The silly season is early this year
I wouldn't be surprised if Benjamin Netanyahu wakes up every night bathed in a cold sweat. I bet you he's having nightmares that his threat to vote against the government is being taken seriously, and that Sharon will make good on his promise to kick him out.
I wouldn't be surprised if Benjamin Netanyahu wakes up every night bathed in a cold sweat. I bet you he's having nightmares that his threat to vote against the government is being taken seriously, and that Sharon will make good on his promise to kick him out. Then, while toweling off the sweat, he gets to thinking about what he will gain from being out on the doorstep right now. Is this a good time, when Sharon is beating all his rivals for prime minister at the polls and support for unilateral disengagement has taken a leap - 62 percent in favor versus 31 percent against?
The violent, bullying behavior of the extremists has actually worked in Sharon's favor. The public didn't like what it saw as a crazed minority's declaration of war on the majority and an attempt to block the free choice of those settlers willing to leave of their own accord. If there were any lingering doubts about the ability of Israel's enforcement authorities to carry out the disengagement, they have been allayed by the swift, elegant removal of the squatters holed up at the Maoz Yam Hotel in Gush Katif.
If only in this respect, Bibi has screwed himself by joining the last-ditch effort to stop the withdrawal, scheduled to begin on August 15. When the Knesset met on Sunday, Agriculture Minister Israel Katz came up with the bright idea of postponing the pullout for three months. After all the decisions signed and sealed by the government and the Knesset, Katz clearly has some hope in the back of his mind that if we stall long enough, some miracle will happen.
But what does Netanyahu figure? That after all we've been through, after all the decisions and all the plans that have been made, suddenly a majority will pop up in favor of toppling the government? And let's say the government does fall. So what does he think? That he'll be automatically elected prime minister instead of Sharon? And let's say that does happen. Does he think the Americans will let him torpedo the disengagement?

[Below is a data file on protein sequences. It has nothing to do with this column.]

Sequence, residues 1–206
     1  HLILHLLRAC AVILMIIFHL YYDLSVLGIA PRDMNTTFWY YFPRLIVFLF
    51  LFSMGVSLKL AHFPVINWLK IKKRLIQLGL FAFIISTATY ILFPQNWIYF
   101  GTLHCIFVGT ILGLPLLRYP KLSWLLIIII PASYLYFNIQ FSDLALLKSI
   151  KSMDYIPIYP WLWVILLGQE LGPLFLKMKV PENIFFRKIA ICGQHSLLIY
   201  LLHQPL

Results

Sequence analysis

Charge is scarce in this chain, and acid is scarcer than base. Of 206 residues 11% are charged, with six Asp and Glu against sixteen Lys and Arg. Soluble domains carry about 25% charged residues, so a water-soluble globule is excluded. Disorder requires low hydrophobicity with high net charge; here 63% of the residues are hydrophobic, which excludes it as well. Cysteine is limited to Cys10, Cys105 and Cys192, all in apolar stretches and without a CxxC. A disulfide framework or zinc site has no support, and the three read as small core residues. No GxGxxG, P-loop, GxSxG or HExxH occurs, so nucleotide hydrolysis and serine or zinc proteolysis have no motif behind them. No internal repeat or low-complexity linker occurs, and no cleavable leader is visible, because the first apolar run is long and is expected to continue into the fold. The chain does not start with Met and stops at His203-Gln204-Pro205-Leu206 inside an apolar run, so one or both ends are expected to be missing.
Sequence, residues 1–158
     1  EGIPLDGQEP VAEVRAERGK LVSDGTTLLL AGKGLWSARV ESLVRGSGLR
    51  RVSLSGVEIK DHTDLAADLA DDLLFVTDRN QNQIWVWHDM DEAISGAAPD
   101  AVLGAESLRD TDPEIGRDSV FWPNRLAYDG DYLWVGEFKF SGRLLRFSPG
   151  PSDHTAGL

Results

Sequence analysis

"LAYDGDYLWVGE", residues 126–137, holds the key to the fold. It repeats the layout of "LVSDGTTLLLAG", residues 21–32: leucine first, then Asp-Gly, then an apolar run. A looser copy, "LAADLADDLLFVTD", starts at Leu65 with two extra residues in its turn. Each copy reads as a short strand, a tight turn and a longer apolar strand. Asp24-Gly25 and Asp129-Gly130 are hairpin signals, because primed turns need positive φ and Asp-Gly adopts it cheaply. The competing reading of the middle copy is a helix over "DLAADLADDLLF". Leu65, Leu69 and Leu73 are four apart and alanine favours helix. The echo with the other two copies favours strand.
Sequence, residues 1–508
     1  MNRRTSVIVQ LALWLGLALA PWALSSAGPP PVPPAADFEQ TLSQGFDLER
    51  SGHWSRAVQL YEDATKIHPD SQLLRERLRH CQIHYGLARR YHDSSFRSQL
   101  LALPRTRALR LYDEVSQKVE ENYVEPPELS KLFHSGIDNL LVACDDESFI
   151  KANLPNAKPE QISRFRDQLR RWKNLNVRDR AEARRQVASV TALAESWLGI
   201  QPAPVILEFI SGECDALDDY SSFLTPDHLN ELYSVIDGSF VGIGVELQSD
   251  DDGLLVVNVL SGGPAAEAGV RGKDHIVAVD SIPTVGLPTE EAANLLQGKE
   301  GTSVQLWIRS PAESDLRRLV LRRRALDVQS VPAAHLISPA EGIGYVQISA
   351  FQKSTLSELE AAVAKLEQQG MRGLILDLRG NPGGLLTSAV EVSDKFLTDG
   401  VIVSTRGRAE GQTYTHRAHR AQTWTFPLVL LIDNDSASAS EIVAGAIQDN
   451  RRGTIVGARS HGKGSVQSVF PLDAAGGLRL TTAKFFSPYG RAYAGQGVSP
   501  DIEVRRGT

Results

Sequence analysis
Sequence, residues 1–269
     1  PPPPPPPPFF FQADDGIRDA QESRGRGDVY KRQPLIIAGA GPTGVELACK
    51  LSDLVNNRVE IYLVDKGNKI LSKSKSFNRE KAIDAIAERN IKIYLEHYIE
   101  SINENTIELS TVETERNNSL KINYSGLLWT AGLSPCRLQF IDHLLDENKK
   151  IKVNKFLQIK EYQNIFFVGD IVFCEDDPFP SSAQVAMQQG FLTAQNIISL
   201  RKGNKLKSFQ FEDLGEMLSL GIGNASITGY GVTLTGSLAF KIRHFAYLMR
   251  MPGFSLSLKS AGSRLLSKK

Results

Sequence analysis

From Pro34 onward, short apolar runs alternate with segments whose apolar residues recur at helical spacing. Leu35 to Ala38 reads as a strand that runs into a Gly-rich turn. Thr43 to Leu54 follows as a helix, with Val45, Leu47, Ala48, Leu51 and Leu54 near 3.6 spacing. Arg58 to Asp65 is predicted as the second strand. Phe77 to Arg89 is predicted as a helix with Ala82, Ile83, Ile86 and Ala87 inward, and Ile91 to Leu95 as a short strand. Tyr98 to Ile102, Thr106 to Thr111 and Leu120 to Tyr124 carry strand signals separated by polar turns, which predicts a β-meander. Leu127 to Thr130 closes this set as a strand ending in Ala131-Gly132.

It's not that he hasn't been through this sort of thing before. After beating Shimon Peres in the 1996 elections, didn't America force him to continue the same policy on the Oslo Accords? Wasn't he the one who ordered the withdrawal from Hebron, which neither Rabin nor Peres dared to do? Wasn't he the one who agreed at Wye to give back 13 percent of the land, and warmly shook Arafat's hand after signing the papers?
Bibi knows America - and this administration, in particular - just as well as Sharon. He's had a taste of their anger and of being called an inveterate liar. Just how does he think he would get along today with an angry Bush, if his vote had set off a chain reaction that resulted in his return to power in exchange for blocking the disengagement plan?
Netanyahu made a mistake to embark on what is clearly a lost cause. Eighteen ministers - a crushing majority by all accounts - voted against the proposal to postpone the disengagement. It's amazing how this intelligent man, a talented finance minister and a candidate to succeed Sharon, is always being tripped up by his own character.
Why ruin a perfectly good career with a foolish initiative that leaves him alone on the hill with Katz and Naveh? While this twosome had enough brains to announce that in the Knesset they would vote against postponement of the disengagement along with the majority, Netanyahu says he will not attend the vote.
This is not the first time he's treated the public like a bunch of idiots, as if they don't understand that no matter where he is, from Uganda to Timbuktu, he will be a partner to the government's decision. He can vote against the government or skip town that day, but he can't get away from the principle of collective responsibility.
Sharon was not wrong to threaten Netanyahu with dismissal. He just wanted to torment him a little, and supply the media with a couple of juicy headlines to heat up the "who will blink first?" affair - an imbecilic contest in which the winner is known in advance.
In the knowledge that we are going to be busy in August with the disengagement, the prime minister has done us a great service by pushing up silly season this year to July.